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  • j7777kxx j7777kxx Feb 18, 2013 6:55 PM Flag

    Cloud Gaming Is About To Explode

    WSJ reports that Playstation 4 to be announced Wednesday will stream PS3 games using the Gaikai gaming service Sony bought last July.

    As everyone knows Gaikai was the launch partner for Nividia's Grid Cloud Gaming Hardware.

    Sure AMD has the PS4 console hardware win, but I bet everyone will be sitting up and taking notice of the Cloud streaming service. Nvidia should benefit too.

    In addition, AGAWI, Playstation, G-Cluster, Ubinto and two other cloud gaming services have selected Nvidia Grid for their hardware.

    Where all this ends up will anybody's guess, but we should have the first inclination of who the ultimate hardware company winner is Wednesday. Watch the reaction of AMD PPS...everyone knows they have the console win, but also watch Nividia's PPS because very few people have contemplated the likely hood of Cloud Gaming taking off. With a large well recognized Gaming and media company such as Sony backing the feasibility of Cloud gaming should cause a lot of people to sit up and take notice.

    JMHO

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    • Take a look at the small China company STV China Digital. They could really benefit as China gaming is about to explode. The PC gaming is a huge market. This is one step bigger and very profitable. STV could be a grand slam.

    • By IAN SHERR And DAISUKE WAKABAYASHI

      "More than a decade ago, the Sony Corp. 6758.TO -1.22% executive credited as the "Father of the PlayStation" predicted that one day videogames wouldn't require a console, because the hardware would eventually "melt" into a network that linked players together. All they would need, Ken Kutaragi said, is a display and a controller.

      As Sony prepares to take the wraps off a new home console, it will take one major step closer to that vision. The Japanese electronics conglomerate's next PlayStation will allow users to play games streamed over the Internet as well as on discs, according to people familiar with Sony's plans.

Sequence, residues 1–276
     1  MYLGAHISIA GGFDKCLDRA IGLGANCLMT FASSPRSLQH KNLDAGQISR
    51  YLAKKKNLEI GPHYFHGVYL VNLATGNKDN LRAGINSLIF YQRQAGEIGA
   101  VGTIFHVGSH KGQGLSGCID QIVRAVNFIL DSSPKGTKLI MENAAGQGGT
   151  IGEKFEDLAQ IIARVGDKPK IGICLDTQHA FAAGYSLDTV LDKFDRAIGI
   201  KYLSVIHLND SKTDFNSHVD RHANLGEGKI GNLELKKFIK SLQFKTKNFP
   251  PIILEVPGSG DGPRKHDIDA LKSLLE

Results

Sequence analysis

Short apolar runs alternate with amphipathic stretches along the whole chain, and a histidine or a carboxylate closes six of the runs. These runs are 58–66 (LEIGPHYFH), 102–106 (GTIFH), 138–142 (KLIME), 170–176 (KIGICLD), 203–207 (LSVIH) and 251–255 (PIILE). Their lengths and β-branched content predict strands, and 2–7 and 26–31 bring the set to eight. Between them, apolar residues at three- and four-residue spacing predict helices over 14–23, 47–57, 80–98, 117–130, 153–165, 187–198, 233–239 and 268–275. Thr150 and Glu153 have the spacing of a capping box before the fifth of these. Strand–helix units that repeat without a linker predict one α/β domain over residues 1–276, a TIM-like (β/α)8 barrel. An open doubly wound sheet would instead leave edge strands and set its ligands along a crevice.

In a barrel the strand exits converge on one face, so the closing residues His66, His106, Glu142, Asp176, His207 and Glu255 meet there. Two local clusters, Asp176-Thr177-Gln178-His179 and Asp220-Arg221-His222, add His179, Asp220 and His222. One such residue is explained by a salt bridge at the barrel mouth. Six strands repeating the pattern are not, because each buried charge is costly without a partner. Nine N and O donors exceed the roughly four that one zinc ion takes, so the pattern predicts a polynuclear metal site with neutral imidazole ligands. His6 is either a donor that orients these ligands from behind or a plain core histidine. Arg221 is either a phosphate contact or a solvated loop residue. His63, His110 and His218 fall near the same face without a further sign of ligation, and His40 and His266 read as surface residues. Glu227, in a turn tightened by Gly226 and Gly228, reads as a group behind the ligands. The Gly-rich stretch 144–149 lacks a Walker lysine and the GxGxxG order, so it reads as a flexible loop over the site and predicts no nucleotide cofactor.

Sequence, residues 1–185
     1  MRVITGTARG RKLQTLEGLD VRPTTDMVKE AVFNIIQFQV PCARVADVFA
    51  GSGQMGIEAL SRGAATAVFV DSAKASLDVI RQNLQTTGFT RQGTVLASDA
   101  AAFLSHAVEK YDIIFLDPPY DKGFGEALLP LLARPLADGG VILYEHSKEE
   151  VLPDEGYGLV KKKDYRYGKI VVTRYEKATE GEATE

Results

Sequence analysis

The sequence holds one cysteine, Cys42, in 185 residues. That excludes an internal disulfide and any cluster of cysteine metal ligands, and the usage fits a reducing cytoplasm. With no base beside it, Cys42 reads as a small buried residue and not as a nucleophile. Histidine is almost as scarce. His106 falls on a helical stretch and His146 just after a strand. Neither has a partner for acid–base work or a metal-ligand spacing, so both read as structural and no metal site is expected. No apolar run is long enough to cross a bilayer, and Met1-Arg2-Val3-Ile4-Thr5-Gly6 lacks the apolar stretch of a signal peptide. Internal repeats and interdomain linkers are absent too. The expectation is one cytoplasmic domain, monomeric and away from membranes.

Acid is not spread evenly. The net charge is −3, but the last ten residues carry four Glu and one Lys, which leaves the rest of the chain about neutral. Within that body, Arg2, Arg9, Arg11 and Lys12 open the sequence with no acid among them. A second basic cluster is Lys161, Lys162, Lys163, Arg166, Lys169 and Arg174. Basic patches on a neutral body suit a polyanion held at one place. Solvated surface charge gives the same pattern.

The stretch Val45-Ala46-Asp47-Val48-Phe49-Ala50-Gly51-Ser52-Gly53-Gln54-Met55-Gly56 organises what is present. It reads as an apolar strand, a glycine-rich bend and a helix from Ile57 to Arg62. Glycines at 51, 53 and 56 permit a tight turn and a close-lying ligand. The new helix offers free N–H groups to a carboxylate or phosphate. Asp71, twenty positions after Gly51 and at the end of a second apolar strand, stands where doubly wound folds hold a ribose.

The new feature is one of many expected on Sony's next game machine, which is slated to be unveiled at an event in New York on Wednesday. But the addition of streaming exemplifies how the videogame industry is searching for new ideas to cope with dramatic shifts in technology and consumer behavior.

      Videogame companies like Sony, Nintendo Co. 7974.OK -0.95% and Microsoft Corp. MSFT -0.11% used to depend on their twice-a-decade launches of new living room consoles to spur a new wave of spending on consoles that typically cost hundreds of dollars and games priced at about $50 or more. But the Web, mobile phones and tablets have spurred the creation of new, more convenient ways to play games free of charge or for a few dollars.

      The results have been dramatic. Sales of new titles, consoles and videogame accessories at U.S. retail stores have contracted every month for more than a year, according to industry watcher NPD Group.

      Though both Sony and Microsoft are expected to introduce new consoles this year, consulting and auditing firm PricewaterhouseCoopers expects global spending on console games will shrink nearly 1% in 2013 and rise only 3% next year—far less than the 28% growth the industry saw in 2007 after the last batch of new consoles were released.

      Meanwhile, sales of smartphones and other mobile devices have exploded, creating a huge market for inexpensive game apps. Apple Inc. AAPL -1.38% said in January it has sold more than 500 million iPhones, iPads and iPod Touches since 2007, eclipsing cumulative total sales for the three major home consoles combined.

      The trend appears to be hurting sales of dedicated videogame devices. Both the Nintendo 3DS and Wii U, released in the past two years and successors to wildly popular machines, failed to meet expectations.

      "It's very different than five years ago or 10 years ago," said Blake Jorgensen, chief financial officer of game maker Electronic Arts Inc., EA -1.05% at a recent investor conference.

      Console makers have tried to adapt to the market changes, adding features such as Internet connections to allow customers easier play against each other online and connect on social networks. But discs are still used to deliver high-end action games, which require specialized chips to render increasingly more sophisticated images.